Is CPR Quality Worse on Nights and Weekends in the Cardiac ICU?

Is CPR Quality Worse on Nights and Weekends in the Cardiac ICU?

Abstract

Among children with in-hospital cardiac arrest (IHCA), survival to discharge is lower at night compared to daytime. We sought to describe the association of time of day and day of week with CPR quality in children with congenital heart disease (CHD) reported to the pediRES-Q multicenter collaborative database.

Publication
In The Pediatric Cardiac Intensive Care Society, PCICS.
Date

Introduction

The Pediatric Cardiac Intensive Care Society (PCICS) is an international organization dedicated to improving clinical care for critically ill pediatric patients with congenital and acquired heart disease. A yearly conference is held in various parts of the world where researchers present findings and discuss organizational efforts to contribute to this cause. The 14th annual meeting was held in Miami, Florida, from December 13th to the 16th where a poster from the pediRES-Q collaborative was presented on the topic “Is CPR Quality Worse on Nights and Weekends in the Cardiac ICU?” The presentation was delivered by Priscilla Yu, M.D., of University of Texas Southwest Medical Center.

Background

The purpose of this research was to investigate why pediatric in-hospital cardiac arrests have lower survival to hospital discharge rates at night and on weekends versus during the daytime and on weekdays. The team hypothesized that provider-side quality of cardiopulmonary resuscitation (CPR) metrics could be linked to this discrepancy. In the current landscape, CPR metrics are largely defined by chest compression depth, rate, and chest compression fraction (CCF), the latter of which is calculated as the percent of time spent in compressions during an arrest event or segment.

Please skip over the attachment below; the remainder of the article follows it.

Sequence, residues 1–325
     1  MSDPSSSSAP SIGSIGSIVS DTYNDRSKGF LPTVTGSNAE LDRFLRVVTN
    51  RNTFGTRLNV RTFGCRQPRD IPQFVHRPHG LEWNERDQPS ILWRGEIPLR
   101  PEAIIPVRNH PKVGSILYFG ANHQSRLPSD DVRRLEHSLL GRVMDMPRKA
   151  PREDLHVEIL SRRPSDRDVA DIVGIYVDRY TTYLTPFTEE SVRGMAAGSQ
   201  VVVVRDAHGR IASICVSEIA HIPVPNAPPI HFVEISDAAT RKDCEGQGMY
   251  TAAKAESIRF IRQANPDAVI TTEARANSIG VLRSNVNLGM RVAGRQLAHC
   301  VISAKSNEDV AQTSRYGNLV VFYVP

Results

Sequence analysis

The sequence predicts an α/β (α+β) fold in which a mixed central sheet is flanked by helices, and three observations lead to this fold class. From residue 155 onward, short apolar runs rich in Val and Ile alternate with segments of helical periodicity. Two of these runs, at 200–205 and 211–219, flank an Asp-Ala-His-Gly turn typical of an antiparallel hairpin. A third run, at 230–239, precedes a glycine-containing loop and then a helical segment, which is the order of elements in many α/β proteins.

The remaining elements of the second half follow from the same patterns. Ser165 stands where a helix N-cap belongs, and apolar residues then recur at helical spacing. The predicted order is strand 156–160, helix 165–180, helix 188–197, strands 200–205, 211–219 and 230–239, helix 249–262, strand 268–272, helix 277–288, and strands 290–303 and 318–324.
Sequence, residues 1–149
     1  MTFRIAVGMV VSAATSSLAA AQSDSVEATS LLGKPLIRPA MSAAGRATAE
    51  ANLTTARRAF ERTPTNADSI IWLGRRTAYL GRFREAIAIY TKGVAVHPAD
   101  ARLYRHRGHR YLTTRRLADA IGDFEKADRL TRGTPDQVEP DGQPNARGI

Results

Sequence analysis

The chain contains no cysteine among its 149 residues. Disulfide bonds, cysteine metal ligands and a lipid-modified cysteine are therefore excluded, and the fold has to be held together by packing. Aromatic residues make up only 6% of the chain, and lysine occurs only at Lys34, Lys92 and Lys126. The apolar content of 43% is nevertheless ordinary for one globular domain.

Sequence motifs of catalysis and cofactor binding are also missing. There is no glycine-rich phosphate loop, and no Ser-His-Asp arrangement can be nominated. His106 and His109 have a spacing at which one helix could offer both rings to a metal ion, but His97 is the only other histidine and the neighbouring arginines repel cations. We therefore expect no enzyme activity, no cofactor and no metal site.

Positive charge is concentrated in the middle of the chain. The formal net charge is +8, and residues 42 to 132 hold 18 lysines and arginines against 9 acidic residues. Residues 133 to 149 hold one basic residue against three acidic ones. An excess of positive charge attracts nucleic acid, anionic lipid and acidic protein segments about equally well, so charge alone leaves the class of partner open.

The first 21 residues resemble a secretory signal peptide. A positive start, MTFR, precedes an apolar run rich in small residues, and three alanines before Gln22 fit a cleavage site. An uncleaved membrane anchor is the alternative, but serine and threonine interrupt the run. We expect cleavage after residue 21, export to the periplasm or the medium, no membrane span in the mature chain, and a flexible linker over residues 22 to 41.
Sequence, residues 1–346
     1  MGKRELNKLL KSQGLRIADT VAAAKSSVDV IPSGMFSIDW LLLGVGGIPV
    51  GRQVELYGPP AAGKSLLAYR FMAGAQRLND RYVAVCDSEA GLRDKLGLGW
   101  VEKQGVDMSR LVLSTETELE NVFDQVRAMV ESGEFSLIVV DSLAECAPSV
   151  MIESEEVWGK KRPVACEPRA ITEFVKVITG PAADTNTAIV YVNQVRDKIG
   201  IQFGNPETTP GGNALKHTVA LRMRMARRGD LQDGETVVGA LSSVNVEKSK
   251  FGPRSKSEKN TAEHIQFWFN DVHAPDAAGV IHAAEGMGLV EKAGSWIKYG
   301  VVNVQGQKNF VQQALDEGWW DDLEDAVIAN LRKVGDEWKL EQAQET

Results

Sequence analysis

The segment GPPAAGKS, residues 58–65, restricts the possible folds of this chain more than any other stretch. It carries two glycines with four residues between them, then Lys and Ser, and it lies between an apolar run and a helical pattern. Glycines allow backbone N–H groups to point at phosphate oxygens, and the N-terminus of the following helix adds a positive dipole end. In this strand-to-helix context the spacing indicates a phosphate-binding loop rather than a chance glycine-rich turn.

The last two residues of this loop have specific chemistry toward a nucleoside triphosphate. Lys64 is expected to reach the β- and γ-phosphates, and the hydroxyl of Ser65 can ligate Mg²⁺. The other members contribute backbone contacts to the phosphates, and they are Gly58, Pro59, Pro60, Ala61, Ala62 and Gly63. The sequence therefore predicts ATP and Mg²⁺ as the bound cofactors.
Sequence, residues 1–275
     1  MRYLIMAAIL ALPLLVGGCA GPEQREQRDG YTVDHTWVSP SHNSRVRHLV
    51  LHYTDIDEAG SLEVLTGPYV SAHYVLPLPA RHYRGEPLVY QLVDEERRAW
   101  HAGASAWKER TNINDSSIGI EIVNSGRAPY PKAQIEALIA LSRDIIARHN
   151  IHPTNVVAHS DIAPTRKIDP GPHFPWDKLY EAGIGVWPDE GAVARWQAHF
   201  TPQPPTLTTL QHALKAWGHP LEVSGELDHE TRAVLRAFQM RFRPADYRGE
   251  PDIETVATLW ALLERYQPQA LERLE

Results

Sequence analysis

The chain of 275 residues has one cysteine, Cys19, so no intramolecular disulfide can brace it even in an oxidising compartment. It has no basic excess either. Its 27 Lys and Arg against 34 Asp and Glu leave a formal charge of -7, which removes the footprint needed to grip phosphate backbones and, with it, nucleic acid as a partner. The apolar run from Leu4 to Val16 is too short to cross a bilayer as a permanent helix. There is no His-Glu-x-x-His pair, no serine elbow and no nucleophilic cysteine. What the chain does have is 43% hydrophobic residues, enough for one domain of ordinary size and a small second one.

Hypothesis

We hypothesize that CPR quality metrics of chest compression (CC) rate, depth, fraction (CCF), and compliance with 2015 American Heart Association (AHA) guidelines will be worse during nights vs. days, and weekends

CPR

Methods

For each of these metrics there are quality target guidelines providers strive for given by the American Heart Association (AHA) in 2015:

  • Chest compression depth should be between:
    • 3.6 – 4.4cm in <1-year olds
    • 4.5 – 5.5cm in 1 - <8-year olds
    • 4.5 - <6.6cm in 8 - <18-year olds
  • Chest compression rate should be between 100 and 120 compressions per minute (cpm)
  • CCF should be above 80%

These metrics were used for determination of successful versus unsuccessful delivery of chest compressions. In addition, CPR event analysis was restricted to cardiac arrest patients where:

  • The arrest was considered an “index on hospital cardiac arrest,” meaning that there was no prior arrest to this event’s hospital admission
  • Subjects were <18 years old with congenital heart disease
  • Subjects were reported in the pediRES-Q database with quality CPR reporting from the Zoll R-Series defibrillator

From these criteria, 69 events were analyzed from 10 different institutions.

PCICS Poster 2018 PDF Version

Conclusions

At the time of this analysis there was no statistically significant difference between return of spontaneous circulation (ROSC) and survival to hospital discharge from the selected population. Additionally, there was no statically significant difference between patients who experienced in-hospital cardiac arrest during the day versus at night or during the weekdays versus on the weekends

Thoughts and Future Directions

Although the study was hampered by some limitations, it shows evidence that there needs to be further investigation into the relevance of night/day and weekday/weekend impact on CPR quality and its association with outcomes in pediatric patients undergoing cardiac arrest. The pediRES-Q collaborative will be continuing to research this area and looking forward to presenting future results on the subject!